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The Highest Bidder

The woman sat alone on the park bench. The mid-morning sun was behind her, its rays warming her back. It was a welcome feeling to the autumn chill that still hung in the air. She stared straight ahead at the lake in the middle distance, particularly at the swans gliding slowly across its tranquil surface. A concrete jogging path meandered through the trees and around to the far side of the lake in the distance.

She heard footsteps and glanced to her left.

A man—not the one she was waiting for—dressed in warm jogging attire moved past her, puffing out white clouds of exertion. He said nothing but threw a hand up in a friendly wave.

The woman nodded in return and watched him as he moved further down the lane, then he was gone.

She was alone again.

The woman picked up the book she held on her lap and opened it to read or rather attempted to look as though she were reading. But, instead, what she was doing was double- and triple-checking her surroundings.

It was almost time.

And there he was. Just like clockwork, another man approached in her periphery. She turned to check him out. Yes, it was her guy. He wore regular civilian clothing, complete with gloves, a jacket, and a toboggan.

He eyed her suspiciously as he passed, then he took a quick seat at the far end of the bench. He sat for a moment, looking out at the waters, unsure of what to do next. Then he took a deep breath and asked, “How’s the book?”

The woman closed the book carefully, replaced it on her lap, and said, “It’s a killer read.”

The man let out a sigh of relief; he was in the right place. The code phrases worked. The man shoved his hand into his coat pocket.

“What do you think you’re doing?” the woman asked.

“Relax,” he said. “I’m just getting your money.”

“I get very uneasy with people who make sudden moves.”

“A little jumpy this morning, are we?” he said with a slight laugh.

“If you were in my line of work, you’d be jumpy too. So calm down and move slower.”

He becoming serious once more. “I want this over as much as you do, believe me. My apologies.” He continued extremely slow and extracted a thick, white envelope folded over a fourth. He placed the packet on the bench beside him and slid it across to her. It came to rest with a slight bump against her right hip. The man asked, “Can you make it look like an accident?”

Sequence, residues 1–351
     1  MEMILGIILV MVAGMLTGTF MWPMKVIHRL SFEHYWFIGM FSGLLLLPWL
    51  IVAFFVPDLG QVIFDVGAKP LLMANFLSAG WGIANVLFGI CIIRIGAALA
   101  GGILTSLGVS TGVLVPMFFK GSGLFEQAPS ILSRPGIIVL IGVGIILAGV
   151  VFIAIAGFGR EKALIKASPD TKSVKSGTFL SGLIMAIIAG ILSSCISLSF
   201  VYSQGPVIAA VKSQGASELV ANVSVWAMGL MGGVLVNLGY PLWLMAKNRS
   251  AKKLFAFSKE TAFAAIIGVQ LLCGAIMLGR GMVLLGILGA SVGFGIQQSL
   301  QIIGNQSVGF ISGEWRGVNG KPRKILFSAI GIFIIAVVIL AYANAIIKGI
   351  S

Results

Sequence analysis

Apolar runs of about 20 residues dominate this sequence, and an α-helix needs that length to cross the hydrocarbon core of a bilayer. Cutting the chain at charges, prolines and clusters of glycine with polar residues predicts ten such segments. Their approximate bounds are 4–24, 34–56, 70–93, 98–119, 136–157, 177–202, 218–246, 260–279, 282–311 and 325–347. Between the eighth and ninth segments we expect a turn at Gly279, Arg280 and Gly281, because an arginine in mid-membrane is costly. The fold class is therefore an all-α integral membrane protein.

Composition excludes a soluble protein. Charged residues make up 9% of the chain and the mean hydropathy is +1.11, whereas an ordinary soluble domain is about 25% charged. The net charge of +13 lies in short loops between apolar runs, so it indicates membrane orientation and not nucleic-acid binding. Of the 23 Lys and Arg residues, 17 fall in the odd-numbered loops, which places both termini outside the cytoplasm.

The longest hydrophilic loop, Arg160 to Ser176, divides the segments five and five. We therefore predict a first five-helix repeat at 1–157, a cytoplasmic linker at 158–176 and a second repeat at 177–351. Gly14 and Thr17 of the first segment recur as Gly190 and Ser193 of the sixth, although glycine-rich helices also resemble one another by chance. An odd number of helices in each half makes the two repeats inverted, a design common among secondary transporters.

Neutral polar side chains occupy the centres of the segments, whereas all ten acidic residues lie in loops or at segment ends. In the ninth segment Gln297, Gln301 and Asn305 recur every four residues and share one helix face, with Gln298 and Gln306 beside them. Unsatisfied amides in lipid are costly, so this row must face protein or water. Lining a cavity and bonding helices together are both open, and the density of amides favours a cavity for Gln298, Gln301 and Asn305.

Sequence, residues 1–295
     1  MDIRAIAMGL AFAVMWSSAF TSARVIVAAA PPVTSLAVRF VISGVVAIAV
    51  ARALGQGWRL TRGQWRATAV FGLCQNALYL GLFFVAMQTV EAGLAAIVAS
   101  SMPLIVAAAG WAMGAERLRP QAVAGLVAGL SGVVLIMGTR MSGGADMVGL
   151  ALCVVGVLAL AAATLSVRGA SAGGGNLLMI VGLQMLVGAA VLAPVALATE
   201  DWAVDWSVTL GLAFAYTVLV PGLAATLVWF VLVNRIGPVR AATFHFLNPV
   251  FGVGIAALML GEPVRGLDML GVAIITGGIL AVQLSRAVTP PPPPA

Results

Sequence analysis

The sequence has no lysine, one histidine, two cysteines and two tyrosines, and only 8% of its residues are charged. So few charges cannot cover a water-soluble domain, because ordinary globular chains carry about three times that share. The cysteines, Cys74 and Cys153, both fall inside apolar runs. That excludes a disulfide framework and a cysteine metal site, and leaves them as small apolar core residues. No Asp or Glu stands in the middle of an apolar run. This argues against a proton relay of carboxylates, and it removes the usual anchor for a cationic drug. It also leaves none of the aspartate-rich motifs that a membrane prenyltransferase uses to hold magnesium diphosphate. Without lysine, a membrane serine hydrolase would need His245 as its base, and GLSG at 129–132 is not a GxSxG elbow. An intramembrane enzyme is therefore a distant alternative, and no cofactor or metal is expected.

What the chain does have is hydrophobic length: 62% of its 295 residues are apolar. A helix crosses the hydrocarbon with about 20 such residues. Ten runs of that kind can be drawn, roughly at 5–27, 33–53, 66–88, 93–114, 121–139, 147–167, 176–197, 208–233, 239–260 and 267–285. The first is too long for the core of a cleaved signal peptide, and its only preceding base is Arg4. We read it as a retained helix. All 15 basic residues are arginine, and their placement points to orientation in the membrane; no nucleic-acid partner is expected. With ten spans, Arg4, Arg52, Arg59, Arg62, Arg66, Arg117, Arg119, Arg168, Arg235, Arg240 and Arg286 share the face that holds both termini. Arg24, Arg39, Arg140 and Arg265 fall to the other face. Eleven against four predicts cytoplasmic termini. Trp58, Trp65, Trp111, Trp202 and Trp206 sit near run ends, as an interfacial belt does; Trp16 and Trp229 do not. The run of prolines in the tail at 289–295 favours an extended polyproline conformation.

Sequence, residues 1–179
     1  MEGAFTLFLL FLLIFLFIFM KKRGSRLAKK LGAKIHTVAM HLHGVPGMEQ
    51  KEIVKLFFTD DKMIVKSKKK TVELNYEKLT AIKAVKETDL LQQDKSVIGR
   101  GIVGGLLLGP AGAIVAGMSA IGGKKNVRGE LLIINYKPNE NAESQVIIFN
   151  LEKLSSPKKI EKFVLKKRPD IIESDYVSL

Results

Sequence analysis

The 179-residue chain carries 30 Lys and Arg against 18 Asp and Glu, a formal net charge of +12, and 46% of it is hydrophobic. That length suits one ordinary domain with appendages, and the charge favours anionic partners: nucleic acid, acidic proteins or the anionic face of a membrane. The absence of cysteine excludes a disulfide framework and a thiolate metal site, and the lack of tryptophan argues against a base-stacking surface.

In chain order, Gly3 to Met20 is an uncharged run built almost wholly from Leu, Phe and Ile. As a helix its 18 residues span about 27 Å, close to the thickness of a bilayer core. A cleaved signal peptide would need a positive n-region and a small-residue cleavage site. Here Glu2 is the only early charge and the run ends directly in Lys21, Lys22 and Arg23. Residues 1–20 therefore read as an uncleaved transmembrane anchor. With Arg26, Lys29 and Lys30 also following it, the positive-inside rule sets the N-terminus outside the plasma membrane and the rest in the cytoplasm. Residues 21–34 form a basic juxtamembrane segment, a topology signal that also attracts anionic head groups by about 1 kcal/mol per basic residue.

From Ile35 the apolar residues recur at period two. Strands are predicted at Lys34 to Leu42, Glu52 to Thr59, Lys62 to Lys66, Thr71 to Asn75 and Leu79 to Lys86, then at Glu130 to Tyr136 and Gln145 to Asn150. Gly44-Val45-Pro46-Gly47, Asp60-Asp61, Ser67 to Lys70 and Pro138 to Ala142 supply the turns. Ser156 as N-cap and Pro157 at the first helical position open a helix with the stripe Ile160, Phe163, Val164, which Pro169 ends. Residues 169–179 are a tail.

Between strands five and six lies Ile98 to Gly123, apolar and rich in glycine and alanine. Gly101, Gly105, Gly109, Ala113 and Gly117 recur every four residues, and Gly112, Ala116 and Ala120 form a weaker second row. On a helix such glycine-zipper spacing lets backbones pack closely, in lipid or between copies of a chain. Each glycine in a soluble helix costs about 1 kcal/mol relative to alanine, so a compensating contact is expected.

“Sure. I can do that,” the woman said, picking up the envelope and rifled through the bills inside.

“Because I don’t want this coming back on me. I want to be free and clear of anything dealing with her death.”

“Don’t worry. Death by accident is a specialty of mine. No one will suspect you of anything.”

The woman placed the envelope on top of her book, then pulled her phone from her jacket pocket. She typed a quick message, then returned it.

“Good,” he said. “That’s excellent. So, what, is this it? This concludes our business, right?”

“That is—” Her cell phone chirped in her pocket. “Hold on a second.” The woman withdrew her phone once more and began reading the message.

Agitated at not being the sole focus of this meeting, the man blew out a frustrated breath and mumbled something to himself. He glanced to his right to make sure no one was watching them or coming down the running path. He turned quickly to look behind them, obviously doing plenty of things to bring attention to themselves.

Pocketing her phone once more, the woman said, “Actually, our business is not concluded; there’s been a development. Change of plans, Mr. Lewis. I need more money for what you’re asking me to do.”

“What?” The man’s demeanor had changed. She could tell he was instantly pissed. “Why? You blackmailing me now, bitch?”

She turned to him and gave him an icy stare. “Keep your voice down, Mr. Lewis.” Her voice was clipped, snippy. She could also play his game; it wouldn’t be the first time.

Her tone caused him to drop his voice, but it was an angry whisper. “Answer the question.”

“No, of course not. I don’t do things like that.”

Through clenched teeth, he said, “Then why the fuck do you need more money? You asked for a certain amount. I brought you that amount. That should be the end of it. And the end of her. I did my part; now why don’t you do yours.”

“Oh, I’ll do my part, Mr. Lewis, when the money amount is right. See, the text I just received was actually from your wife.”


“Your wife has a hit out on your head also, and so the highest bidder gets the job done. She’s just agreed to pay ten thousand more than the original price. Can you pay me…” she calculated the new amount and quoted him the price.

He shook his head almost immediately and before he heard her new offer. “No, I can’t; I’m strapped to the gills as it is. I’m going to be in major debt after this. I have no more money. She’s taken everything.”

The hitwoman grabbed the packet of money, placed it on the bench, and slid it back across the bench to him.

As the envelope bumped back into his left thigh, he heard her say, “And now, it looks as though she’s taking your life.” With a start, the man turned to see her hand snake inside the hardback book she’d been reading and withdraw the Glock hidden within the hollowed-out pages. She brought the barrel up into the man’s face. “Your wife sends her condolences.” Then, she pulled the trigger.

Stunned by the news and her movements, Mr. Lewis had no time to react. The bullet entered the center of his forehead between his eyes. His head snapped back, and he folded over on the park bench.

Replacing the gun inside the hidden compartment of her book, she withdrew her phone and quickly typed a return message.

Wire the money. You are now a free woman. This concludes our business arrangement.

Recommend0 Simily SnapsPublished in Drama, Fiction, Flash Fiction, Horror, Mystery/Thriller